Brian Tracy had a great quote today from Comedian Bill Cosby, "I don't know the key to success, but the key to failure is trying to please everybody."
We had a question come in this week from a contractor asking about how to calculate the volume of business a company needs to support the owner’s salary.
We have had some bad storms this year and some of you may be tempted to do casualty repair work (insurance work) if and when you get those calls.
I heard an interesting account over the weekend about a friend who owed business taxes to the IRS. They’d gotten behind and the IRS was trying to collect the money due.
I was looking through the November issue of Remodeling magazine the other day and was reminded what a great tool the Cost vs. Value report is.
Do you have projects in and around the o …
In a recent note from Brian Tracy, he quoted a fellow by the name of Robert Ringer. Ringer said, “The future belongs to those who possess certain knowledge.”
For many, business is picking up. Now let me ask – how are your office practices and procedures? Is your office and staff ready for the upturn in business?
One thing you need to decide each year is how much salary you will pay yourself.
You need to start planning your advertising to potential clients that you are available to install and take down Christmas lights and decorations.
A follow-up on the earlier blog post about photos of jobs – this is important for all jobs, even (especially?) handyman work, insurance repair and/or restoration work.
I was reminded again last week of the value in taking a good set of pictures on the jobs you do.
For those of you who would like to expand your business, I saw an interesting ad in a magazine the other day.
When people lose their jobs, many decide to start their own business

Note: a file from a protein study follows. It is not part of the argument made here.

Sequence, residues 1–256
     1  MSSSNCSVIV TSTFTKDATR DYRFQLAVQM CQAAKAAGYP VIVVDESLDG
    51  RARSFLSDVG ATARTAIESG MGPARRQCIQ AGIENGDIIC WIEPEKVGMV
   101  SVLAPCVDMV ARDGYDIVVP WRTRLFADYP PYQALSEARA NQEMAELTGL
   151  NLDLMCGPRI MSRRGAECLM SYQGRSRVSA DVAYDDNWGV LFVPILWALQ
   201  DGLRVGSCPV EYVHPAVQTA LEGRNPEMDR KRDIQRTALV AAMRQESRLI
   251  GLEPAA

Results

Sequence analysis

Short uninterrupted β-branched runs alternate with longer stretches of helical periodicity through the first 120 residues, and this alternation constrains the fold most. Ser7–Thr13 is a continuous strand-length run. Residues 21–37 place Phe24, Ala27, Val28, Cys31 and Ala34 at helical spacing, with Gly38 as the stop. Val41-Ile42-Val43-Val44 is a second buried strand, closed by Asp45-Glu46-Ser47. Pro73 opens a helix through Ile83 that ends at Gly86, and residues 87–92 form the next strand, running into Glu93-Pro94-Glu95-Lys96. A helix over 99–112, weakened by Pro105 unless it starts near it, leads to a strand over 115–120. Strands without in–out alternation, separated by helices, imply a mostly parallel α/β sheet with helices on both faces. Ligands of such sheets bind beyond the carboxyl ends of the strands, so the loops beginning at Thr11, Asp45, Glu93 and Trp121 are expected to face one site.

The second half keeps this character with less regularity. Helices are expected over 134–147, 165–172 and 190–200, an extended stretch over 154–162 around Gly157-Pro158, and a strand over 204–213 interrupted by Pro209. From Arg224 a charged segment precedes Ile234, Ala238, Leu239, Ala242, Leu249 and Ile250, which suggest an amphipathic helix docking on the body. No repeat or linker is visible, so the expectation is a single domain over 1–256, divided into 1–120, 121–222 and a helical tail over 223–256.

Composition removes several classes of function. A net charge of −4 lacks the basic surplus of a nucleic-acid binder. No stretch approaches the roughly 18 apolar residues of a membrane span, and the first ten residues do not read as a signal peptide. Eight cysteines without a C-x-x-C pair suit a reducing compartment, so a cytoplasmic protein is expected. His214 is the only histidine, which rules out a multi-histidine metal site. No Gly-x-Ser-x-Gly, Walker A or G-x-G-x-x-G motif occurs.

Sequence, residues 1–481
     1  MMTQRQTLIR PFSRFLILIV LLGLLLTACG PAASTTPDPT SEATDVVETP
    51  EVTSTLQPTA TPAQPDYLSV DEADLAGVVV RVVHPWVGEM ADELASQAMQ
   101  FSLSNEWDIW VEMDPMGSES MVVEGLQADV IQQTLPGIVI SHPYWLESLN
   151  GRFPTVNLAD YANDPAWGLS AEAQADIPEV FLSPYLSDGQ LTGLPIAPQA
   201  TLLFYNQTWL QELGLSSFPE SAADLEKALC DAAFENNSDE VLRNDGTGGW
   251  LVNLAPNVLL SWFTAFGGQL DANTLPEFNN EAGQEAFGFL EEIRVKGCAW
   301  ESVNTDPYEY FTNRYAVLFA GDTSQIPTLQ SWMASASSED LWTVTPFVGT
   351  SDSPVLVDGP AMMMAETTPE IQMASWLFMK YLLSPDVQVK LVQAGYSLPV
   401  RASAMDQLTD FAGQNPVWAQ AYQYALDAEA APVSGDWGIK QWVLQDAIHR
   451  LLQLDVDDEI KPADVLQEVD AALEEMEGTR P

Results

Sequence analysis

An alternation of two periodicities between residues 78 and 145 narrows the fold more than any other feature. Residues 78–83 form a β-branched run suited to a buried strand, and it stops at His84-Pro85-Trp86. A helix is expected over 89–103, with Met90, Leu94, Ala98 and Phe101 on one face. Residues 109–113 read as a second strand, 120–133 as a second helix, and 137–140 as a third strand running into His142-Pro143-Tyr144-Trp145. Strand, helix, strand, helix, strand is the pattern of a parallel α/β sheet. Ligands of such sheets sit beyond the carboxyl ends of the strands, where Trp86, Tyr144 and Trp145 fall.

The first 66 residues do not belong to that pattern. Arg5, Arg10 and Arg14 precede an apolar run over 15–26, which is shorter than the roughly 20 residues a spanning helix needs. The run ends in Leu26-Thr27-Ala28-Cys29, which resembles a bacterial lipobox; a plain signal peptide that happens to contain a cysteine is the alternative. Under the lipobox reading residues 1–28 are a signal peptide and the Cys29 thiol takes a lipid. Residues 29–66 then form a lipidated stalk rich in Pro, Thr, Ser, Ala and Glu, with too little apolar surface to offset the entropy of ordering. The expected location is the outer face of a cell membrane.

I’ve had many calls over the last two weeks from contractors who have few or no projects working and are on the brink of bankruptcy.
The success of your business is going to depend a lot on your priorities. Where is your focus?
An association exec said, "Many associations are now struggling to get through the recession, and losing members and sponsorships."
I’ve heard any number of people say they are going to build their business up, then sell it. Let’s talk a bit of reality.
Several contractors have told me lately they are having serious cash flow issues, often having to borrow money to pay bills.
“When you do the things you have to do when you have to do them, the day will come when you can do the things you want to do when you want to do them.”
We recently heard from a company that took over a $200,000 hit (spread over several jobs) because of actions the job superintendent took.
Often I’ll hear a caller tell me they are borrowing money to pay bills. This is a great big RED warning flag that your business is in serious financial trouble.
Several contractors have told me that customers are asking them to carry the contracts for their job(s).
We encourage every coaching client to stop using credit cards. Cut them up, throw them away, call the company, cancel the accounts.
One of our coaching clients told me recently that his crews are working four 10-hour days but his production numbers are off.
A question I hear all too often is, "Why should I help educate my competition? I'd rather they went out of business so I got the work."
The two deadly "I's" in construction: Inventory and Invoicing.
Got a call from a contractor with a legal problem. He got involved with a homeowner who kept adding to a job, then decided the price was too high and they aren’t paying.
Many contractors are experiencing a lower dollar volume of business. That means less money coming in the door to pay overhead.
I have to ask. What bad economy?
Why would you choose someone that has chosen to work without a business license for 30 years?
When your employees tell you they want t …
Had a two-part question from one of our …
If you suspect you are having financial problems, you probably are. If you wait, it will be harder to fix.
Earlier this year I had the opportunity to interview with Brian Javeline for The Contractor Show. Our episode was just posted.
Recently I've been made painfully aware of a problem some contractors. That problem is focusing on themselves and their business, instead of the customer.
A contractor recently told me he takes leads from anyone who calls. He qualifies them before riding off to rescue or repair, but he’s willing to look at most jobs.